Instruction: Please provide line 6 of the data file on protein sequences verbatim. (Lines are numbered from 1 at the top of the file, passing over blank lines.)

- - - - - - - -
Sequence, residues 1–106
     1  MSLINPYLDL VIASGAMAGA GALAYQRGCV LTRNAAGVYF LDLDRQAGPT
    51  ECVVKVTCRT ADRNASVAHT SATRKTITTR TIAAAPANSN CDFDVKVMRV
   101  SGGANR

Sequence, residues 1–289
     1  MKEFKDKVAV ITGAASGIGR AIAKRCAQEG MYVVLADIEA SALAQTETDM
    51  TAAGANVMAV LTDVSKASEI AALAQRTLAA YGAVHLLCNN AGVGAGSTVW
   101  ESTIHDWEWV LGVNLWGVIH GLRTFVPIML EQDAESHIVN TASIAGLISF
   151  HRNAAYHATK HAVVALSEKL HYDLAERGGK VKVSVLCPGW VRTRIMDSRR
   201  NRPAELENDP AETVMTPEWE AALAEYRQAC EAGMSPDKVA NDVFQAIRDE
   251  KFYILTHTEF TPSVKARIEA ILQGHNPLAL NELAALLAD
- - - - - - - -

     1  MKEFKDKVAV ITGAASGIGR AIAKRCAQEG MYVVLADIEA SALAQTETDM